There is such a Moon in your heart
That even the sun in the sky
“I am your obedient servant, your slave.”
–Mevlana Celaleddin Rumi
TV introduced me:
the whirling semazens–
men in white, full-length skirts
swirling in gentle circles, circles
within circles within circles,
the physical transformation into spirit
in a marvel of mystical space.
I looked for the young, handsome ones
and found them, dancing into ecstasy.
I saw their conical hats,
hats that symbolize their
tombstones. Black cloaks
they shed are their tombs and the white
skirts their shrouds. In circles
they march. They greet each other
soul to soul. They cross their arms:
unity of one God.
as I watch, I see ten clean-shaven
men with two other superiors:
the Sheikh, standing for the Prophet,
sitting at his post in the back,
chanting, bowing in prayer, and another,
the bearded one, kisses the seated one
and walks among the swirling circles like a mentor
among a swarm of holy supplicants,
who seek only peace and connection,
lovers of each other and of us who watch.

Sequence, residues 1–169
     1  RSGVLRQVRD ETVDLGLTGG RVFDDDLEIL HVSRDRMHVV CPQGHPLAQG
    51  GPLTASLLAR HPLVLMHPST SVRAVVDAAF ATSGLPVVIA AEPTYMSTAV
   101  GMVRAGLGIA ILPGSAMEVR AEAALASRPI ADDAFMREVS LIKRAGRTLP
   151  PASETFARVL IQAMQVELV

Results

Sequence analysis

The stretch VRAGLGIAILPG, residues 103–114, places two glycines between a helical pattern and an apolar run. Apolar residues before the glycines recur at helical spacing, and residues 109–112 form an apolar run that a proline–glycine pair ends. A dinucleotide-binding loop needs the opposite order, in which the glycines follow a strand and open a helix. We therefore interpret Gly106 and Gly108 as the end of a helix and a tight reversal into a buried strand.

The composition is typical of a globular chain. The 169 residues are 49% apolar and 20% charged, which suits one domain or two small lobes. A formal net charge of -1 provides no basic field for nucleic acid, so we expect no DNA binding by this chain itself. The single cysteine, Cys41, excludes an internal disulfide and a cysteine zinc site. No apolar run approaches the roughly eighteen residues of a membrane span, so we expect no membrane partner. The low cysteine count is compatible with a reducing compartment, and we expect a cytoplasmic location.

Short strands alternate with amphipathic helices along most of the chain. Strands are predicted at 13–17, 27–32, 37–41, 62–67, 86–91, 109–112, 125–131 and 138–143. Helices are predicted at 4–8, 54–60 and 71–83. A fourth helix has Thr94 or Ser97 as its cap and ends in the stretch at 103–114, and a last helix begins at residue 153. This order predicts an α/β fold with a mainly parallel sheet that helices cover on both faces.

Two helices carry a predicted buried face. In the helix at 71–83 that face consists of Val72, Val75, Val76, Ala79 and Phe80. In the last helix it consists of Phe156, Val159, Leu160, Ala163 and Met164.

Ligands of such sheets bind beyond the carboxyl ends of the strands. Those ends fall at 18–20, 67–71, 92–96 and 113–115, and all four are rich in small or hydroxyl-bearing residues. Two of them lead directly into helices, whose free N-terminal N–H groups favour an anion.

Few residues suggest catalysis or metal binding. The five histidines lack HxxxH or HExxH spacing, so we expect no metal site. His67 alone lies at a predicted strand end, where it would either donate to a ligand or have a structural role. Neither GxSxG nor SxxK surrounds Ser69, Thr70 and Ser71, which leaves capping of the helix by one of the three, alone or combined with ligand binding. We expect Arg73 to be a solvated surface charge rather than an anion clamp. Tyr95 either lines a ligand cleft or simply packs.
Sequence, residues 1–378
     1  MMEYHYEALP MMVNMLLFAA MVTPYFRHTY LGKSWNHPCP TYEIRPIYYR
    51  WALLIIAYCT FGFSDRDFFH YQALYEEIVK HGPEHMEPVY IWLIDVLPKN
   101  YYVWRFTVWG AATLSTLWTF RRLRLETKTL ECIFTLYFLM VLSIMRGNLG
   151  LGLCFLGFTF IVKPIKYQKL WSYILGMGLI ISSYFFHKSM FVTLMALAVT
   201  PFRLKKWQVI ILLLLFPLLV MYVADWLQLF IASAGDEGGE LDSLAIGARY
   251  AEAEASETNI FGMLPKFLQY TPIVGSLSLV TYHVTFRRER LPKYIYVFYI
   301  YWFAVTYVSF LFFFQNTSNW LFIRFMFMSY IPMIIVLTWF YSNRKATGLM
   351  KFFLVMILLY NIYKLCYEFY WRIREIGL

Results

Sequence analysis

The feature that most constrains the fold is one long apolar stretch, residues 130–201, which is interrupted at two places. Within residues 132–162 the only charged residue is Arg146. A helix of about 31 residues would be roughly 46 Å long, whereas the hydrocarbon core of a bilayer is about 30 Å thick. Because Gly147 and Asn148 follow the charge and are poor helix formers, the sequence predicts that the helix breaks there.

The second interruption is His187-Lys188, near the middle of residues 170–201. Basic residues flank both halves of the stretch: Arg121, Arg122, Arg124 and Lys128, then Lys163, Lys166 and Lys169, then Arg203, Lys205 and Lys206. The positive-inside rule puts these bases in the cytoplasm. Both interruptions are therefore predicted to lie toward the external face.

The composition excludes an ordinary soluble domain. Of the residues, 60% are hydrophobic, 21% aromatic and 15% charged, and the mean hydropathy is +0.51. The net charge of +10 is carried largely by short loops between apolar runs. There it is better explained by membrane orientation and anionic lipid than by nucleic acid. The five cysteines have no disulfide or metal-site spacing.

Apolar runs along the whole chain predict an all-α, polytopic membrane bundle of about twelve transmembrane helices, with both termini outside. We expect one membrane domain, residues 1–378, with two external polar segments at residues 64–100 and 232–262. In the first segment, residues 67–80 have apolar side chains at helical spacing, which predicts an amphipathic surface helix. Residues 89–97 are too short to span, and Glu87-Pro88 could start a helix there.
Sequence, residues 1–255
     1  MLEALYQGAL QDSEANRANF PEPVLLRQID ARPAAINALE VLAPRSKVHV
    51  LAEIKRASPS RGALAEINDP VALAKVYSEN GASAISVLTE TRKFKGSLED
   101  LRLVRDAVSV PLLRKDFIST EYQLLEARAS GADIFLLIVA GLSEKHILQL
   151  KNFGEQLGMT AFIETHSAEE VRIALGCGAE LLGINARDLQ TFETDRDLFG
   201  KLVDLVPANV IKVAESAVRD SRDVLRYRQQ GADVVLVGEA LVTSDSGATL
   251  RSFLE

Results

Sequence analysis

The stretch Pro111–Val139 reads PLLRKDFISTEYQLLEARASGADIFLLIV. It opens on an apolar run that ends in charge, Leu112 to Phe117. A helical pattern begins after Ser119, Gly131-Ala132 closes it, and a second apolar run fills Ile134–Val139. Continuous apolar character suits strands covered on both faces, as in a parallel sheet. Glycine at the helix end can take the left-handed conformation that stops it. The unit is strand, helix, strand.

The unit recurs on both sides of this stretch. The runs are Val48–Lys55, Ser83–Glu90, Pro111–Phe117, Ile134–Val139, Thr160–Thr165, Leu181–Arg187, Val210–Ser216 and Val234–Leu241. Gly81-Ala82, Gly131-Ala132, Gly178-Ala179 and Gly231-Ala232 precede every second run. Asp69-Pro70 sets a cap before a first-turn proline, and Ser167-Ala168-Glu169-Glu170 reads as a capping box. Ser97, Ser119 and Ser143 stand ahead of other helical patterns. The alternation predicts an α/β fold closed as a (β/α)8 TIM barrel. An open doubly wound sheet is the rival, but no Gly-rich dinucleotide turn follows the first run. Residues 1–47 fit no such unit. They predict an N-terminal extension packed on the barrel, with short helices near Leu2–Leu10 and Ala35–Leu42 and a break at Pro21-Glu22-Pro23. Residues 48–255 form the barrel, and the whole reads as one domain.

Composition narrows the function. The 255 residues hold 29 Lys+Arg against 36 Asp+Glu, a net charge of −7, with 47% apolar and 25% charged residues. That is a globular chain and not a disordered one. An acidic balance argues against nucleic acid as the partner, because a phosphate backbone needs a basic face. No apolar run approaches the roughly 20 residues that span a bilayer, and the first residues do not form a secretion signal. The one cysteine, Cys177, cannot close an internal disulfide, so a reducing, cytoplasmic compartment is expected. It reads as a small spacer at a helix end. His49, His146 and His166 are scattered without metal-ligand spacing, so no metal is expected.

Like a servant one of them kisses
his fellow semazens and their cloaks,
covers them at ceremony’s end
as they sit in preordained fashion
in a circular room of many levels.
From the start I listen
(for sema means to listen, to hear)
as the man in the balcony stands, intones verses
from the Qur’an and Rumi, and the others,
all in black robes and conical hats, make music,
and I listen for what I’ve come to hear:
Ney, the flute, oldest instrument,
symbol of divine breath of life.
Below this sacred band of men
are dervishes, head leaning right,
right hand raised up
in prayer toward heaven,
left hand facing the earth–gentle tilt
of giving what they receive from God
to the people: melding the opposites
this moment of utter serenity.
Here there is no male, no female,
or rather there is a circle of both,
dissolving differences, whirling away
wishes, pain, pleasure, ties to
the physical world, the magical flight,
via dance, to the ordered ecstasy
that spins every thing into one.
15 July 2012
Rumi verse translated by Talat Sait Halman in Talat Sait Halman and Metin And, Mevlana Celaleddin Rumi and The Whirling Dervishes (1983)